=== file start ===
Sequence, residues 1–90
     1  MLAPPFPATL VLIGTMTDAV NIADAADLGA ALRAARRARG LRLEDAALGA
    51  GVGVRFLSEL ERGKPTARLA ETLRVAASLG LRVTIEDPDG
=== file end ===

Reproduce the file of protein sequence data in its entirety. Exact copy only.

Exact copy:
Sequence, residues 1–90
     1  MLAPPFPATL VLIGTMTDAV NIADAADLGA ALRAARRARG LRLEDAALGA
    51  GVGVRFLSEL ERGKPTARLA ETLRVAASLG LRVTIEDPDG